10 Thoughts After Seeing Bruce Springsteen & The E Street Band On What Could Be Their Final Tour

Rob DeMartin

10 Thoughts After Seeing Bruce Springsteen & The E Street Band On What Could Be Their Final Tour

Rob DeMartin

1. People pay to sit behind him. Sunday night, hundreds, maybe thousands of seats behind the stage at Nationwide Arena were filled by concert-goers who mostly could only see the backs of the performers, save for a few fleeting moments where the band turned around to acknowledge their presence. I go to a fair amount of concerts at arenas, and I rarely see a setup like that one. Normally there’s all kinds of stagecraft going on back there that would not be visible from the rear, video screens and what have you — and even if not, there aren’t many performers who could inspire a throng of onlookers to watch from behind. Bruce Springsteen & The E Street Band are a rare exception — both because their stage show does not rely on special effects and because the Boss is one of a handful of living legends who could fill up that part of the bowl.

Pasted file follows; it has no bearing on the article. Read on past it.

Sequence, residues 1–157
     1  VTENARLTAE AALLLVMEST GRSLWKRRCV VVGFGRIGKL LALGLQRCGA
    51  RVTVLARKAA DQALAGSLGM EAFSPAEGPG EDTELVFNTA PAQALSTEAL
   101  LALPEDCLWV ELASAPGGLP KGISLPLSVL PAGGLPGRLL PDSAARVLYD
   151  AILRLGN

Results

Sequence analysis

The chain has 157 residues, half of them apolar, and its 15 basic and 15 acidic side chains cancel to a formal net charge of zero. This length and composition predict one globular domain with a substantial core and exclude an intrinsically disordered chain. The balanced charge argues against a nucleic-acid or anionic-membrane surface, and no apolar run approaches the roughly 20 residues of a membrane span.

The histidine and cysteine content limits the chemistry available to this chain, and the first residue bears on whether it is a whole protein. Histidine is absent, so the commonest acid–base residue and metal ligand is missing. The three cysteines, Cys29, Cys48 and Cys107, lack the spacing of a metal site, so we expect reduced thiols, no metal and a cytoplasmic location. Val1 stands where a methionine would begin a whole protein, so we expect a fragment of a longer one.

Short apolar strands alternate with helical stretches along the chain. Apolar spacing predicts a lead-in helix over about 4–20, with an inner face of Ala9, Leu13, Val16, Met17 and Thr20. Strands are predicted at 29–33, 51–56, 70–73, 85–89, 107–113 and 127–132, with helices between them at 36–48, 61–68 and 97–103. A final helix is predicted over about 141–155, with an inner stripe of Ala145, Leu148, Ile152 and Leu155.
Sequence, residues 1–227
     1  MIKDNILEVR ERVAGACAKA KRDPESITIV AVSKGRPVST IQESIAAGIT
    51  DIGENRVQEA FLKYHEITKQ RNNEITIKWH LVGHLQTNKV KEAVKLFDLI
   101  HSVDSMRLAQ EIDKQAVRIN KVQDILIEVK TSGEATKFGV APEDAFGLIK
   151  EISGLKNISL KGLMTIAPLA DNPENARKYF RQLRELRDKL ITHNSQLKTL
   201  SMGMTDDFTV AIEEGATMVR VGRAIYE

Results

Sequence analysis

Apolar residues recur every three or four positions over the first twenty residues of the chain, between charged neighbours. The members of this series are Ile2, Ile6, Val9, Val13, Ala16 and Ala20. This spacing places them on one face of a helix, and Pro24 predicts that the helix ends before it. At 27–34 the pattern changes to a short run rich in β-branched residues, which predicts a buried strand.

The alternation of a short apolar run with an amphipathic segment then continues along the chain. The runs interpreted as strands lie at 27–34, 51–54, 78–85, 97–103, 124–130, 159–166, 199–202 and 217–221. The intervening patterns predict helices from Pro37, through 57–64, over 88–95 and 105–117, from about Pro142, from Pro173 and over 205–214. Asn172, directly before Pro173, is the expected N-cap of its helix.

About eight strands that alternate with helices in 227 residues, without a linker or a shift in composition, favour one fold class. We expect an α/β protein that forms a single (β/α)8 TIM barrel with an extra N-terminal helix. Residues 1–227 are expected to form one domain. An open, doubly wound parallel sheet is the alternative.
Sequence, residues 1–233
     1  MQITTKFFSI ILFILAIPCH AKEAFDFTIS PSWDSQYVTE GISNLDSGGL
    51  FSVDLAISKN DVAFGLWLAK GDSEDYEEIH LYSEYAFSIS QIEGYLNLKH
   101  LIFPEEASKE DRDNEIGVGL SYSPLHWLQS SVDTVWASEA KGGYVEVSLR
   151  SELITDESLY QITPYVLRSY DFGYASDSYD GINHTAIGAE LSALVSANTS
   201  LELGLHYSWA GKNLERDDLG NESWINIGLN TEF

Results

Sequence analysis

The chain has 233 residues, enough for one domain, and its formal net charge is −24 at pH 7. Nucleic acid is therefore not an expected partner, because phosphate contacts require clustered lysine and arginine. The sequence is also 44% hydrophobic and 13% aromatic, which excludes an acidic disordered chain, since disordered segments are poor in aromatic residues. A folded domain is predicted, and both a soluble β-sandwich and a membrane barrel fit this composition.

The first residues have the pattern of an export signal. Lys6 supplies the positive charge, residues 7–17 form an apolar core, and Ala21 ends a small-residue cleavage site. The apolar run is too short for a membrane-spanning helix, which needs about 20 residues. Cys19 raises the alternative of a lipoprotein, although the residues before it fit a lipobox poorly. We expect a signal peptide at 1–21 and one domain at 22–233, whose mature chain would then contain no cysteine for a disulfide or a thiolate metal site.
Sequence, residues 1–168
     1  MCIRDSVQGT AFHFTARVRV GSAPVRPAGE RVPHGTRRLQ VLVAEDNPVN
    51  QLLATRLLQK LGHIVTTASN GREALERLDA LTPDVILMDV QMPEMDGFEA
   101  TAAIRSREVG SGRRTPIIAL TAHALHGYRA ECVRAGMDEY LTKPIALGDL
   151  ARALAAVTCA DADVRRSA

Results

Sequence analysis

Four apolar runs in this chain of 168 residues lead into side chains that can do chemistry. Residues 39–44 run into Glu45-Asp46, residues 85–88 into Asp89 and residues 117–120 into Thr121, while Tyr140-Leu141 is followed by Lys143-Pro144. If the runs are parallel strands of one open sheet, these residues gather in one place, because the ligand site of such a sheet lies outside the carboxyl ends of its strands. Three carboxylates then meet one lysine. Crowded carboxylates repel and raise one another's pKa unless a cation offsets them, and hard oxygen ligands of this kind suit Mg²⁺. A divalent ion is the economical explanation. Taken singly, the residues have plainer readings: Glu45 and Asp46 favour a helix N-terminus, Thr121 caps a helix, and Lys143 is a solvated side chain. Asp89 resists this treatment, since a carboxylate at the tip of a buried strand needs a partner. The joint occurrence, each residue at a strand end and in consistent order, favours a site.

2. I get why those people felt like they had to be there, even in less-than-ideal seats. Springsteen will turn 75 this year, and even if he maintains McCartney-esque stamina into his eighties, there can’t be many more of these epic E Street Band tours left. This show, in fact, was twice postponed due to Springsteen’s health concerns, as his doctors and wife/bandmate Patti Scialfa urged him to rest up after peptic ulcers rather than risk the situation escalating due to the stress of the road. I’d never seen him in concert, and even though I’m more of a greatest-hits guy where the Boss is concerned, I wasn’t about to let this chance slip past me. I had to see him live before one of us dies.